The incident caused by the episode was coined by the Japanese press as the Pokémon Shock. Before the series restarted, a special report was aired on April 11, 1998 titled Anime: Pocket Monsters Problem Inspection Report. In addition, an explanation aimed for children was shown on the first episode after the incident. Every Pokémon episode that aired up until this episode, including the opening, was edited by lighting certain scenes, removing or changing fast-flashing scenes and more. The original version of the episodes have never been shown again, except by mistake on Hulu Japan.
Despite Pikachu being the one to launch the seizure-inducing attack, Porygon has never had an important role in another episode since, while Pikachu has appeared in every Pokémon episode and movie to date, barring side story episodes. Porygon's evolved forms, Porygon2 and Porygon-Z, also remained absent from the anime until the fifteenth movie, and even then only appeared in cameo roles. Porygon itself has also made cameo appearances in the first four films and A Chansey Operation. Also, the move Conversion has never been used in the anime since.
The seizures caused from this episode have infamously made the Pokémon anime a frequent reference when discussing Japanese anime and its quick action and flashy effects. Numerous television shows and movies have made parodies with notable references by The Simpsons in the episode "Thirty Minutes over Tokyo" and South Park in the episode "Chinpokomon".
This episode also gave the Pokémon anime the infamous title of "Most Photosensitive Epileptic Seizures Caused by a Television Show" from The Guinness Book of World Records.
- On May 21 and 26, 2006, Maddie Blaustein said on the Serebii.net forum that 4Kids Entertainment did dub this episode, although the validity of this statement has been questioned. On September 23, 2016, Eric Stuart also said that they did dub the episode. Veronica Taylor, on the other hand, claims they never dubbed the episode.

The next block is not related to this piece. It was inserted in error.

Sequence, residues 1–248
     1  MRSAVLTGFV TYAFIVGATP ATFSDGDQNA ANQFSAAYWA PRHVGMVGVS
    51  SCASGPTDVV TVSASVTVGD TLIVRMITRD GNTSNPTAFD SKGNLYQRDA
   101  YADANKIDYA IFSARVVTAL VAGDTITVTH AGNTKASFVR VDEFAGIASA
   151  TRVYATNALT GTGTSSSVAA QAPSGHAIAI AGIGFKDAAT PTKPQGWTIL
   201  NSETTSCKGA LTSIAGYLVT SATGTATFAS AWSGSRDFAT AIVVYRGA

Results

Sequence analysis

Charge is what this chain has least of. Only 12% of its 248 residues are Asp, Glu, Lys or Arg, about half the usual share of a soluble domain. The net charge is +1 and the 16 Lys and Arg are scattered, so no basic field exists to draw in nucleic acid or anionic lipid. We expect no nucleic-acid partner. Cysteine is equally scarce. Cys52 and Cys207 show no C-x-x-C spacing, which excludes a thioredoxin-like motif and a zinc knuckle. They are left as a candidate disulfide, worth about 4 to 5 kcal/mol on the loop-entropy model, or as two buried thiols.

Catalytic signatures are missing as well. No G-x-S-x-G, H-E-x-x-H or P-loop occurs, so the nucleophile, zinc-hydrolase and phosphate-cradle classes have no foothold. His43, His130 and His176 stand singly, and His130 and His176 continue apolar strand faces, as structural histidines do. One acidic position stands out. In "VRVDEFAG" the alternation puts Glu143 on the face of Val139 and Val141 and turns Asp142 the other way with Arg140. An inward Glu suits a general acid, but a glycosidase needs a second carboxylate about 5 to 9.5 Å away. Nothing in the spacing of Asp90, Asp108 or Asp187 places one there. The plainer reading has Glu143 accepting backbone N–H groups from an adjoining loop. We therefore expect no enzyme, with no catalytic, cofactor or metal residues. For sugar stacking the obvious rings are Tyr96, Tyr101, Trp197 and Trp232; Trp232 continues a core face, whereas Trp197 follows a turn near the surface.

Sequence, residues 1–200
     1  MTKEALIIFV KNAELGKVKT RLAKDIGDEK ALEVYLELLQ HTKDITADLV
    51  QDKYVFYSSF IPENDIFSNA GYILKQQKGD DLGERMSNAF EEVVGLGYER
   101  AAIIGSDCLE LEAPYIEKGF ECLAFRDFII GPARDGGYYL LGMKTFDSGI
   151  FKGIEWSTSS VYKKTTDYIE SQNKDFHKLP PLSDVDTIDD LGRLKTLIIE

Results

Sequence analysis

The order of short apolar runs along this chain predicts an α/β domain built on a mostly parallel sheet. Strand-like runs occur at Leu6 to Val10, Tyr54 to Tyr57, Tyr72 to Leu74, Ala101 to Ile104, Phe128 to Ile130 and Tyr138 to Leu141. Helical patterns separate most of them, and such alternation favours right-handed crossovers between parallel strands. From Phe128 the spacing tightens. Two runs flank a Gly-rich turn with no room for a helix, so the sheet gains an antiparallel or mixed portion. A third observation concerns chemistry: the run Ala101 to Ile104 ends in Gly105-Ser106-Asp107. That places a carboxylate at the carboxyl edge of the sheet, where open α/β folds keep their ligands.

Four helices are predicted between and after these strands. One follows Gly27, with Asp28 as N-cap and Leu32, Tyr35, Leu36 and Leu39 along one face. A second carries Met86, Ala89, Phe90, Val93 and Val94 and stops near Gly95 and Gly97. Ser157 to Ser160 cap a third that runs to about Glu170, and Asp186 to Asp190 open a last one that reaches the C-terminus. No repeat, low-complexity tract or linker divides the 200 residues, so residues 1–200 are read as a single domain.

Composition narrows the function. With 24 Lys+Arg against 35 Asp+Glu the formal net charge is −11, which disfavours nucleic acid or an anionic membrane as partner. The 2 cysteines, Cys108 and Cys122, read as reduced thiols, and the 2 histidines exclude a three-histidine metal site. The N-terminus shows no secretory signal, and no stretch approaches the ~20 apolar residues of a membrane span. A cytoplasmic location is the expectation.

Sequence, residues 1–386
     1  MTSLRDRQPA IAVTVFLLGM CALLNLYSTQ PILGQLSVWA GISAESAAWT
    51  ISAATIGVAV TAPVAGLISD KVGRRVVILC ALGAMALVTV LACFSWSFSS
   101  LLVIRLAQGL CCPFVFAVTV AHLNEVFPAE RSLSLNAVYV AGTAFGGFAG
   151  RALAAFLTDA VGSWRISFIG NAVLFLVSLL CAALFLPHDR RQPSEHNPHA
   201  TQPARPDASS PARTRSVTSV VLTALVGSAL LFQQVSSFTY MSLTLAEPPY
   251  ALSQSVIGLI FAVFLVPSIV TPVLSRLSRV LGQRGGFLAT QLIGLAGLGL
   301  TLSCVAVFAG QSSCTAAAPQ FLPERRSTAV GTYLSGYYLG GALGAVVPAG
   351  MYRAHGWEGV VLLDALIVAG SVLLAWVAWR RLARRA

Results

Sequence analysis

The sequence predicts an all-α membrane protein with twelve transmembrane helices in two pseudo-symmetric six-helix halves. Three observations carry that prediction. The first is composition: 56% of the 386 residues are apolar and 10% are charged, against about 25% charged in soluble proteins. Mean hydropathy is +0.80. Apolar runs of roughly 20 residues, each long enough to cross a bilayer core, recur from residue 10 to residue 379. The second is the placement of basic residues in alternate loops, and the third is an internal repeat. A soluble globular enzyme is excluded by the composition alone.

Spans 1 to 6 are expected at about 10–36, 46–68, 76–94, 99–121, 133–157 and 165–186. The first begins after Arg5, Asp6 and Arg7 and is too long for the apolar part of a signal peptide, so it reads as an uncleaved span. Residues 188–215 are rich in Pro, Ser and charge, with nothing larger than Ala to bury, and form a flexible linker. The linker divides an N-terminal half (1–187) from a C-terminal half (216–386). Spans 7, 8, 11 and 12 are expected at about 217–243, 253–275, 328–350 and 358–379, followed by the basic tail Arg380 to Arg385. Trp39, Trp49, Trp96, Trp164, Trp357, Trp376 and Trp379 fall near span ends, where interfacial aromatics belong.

- Contrary to rumors, neither Blaustein nor Stuart ever stated that 4Kids reduced the speed and intensity of the flashing explosion to make it safe.
- The rumor about the existence of an English dub of this episode actually predates Blaustein's word. For example, the first answer Blaustein gave about this episode was a direct response to a user who mentioned reading on Wikipedia about the episode being dubbed: the line "4Kids Entertainment has acually dubbed Computer Soldier Porygon even though it didn't air" was added to the Wikipedia article currently titled Pokémon episodes removed from rotation on March 15, 2006, and Bulbapedia was used as the source.
- In fact, when this Bulbapedia article was created on February 27, 2005, it had the line "4 Kids Entertainment have dubbed this episode and reduced the speed and intensity of the flashing explosion to make it safe, but the episode has still never been shown". The line has been without a source until October 28, 2007, when "According to Maddie Blaustein" was added at the beginning of the line.
- Fantasy in My Pocket replaced Meowth's Song as the ending.
- Akihabara, the name of the professor, is also the name of a famous electronics district in Tokyo.
- Jessie and Ash referred to the two Porygon as 零号機 zero-gōki and 初号機 sho-gōki, respectively—a likely reference to Evangelion Units 00 and 01 from Neon Genesis Evangelion.
- This episode was skipped in the anime comic adaptations Pocket Monsters Film Comic and the companion book TV Anime Pocket Monsters Big Bite Book. However, the missing episode is acknowledged by the numbering of the other summaries (it skips from 37 to 39).
- This episode is also not included on the Pocket Monsters episode guide on the Japanese Pokémon.com website.
- After Pikachu attempts to shock the floating head, Misty's hair is a darker shade.
- While the two Porygon fight, one of Misty's shoes is miscolored green.
- When everyone first arrives back in the real world, Porygon is seemingly floating in mid-air above Misty's head; however, one cut later, it is between Misty and Brock.
- It shows the same scene before and after the last cut. The reason is unknown.
In other languages
- ↑ http://www.cnn.com/WORLD/9712/17/japan.cartoon/
- ↑ http://www.serebiiforums.com/showpost.php?p=3281064&postcount=712
- ↑ http://www.serebiiforums.com/showpost.php?p=3309430&postcount=731
- ↑ https://www.facebook.com/drew.s.hemmerich/videos/vb.100000054400177/1272482669430201/?type=3&theater
- ↑ http://pokedream.com/pokemon/infocenter/taylor.php
- ↑ https://en.wikipedia.org/w/index.php?title=Pok%C3%A9mon_episodes_removed_from_rotation&diff=next&oldid=43907788
- ↑ http://bulbapedia.bulbagarden.net/w/index.php?title=EP038&oldid=5596
- ↑ http://bulbapedia.bulbagarden.net/w/index.php?title=EP038&diff=prev&oldid=160862
- ↑ http://www.pokemon.co.jp/anime/tv/pokemon.html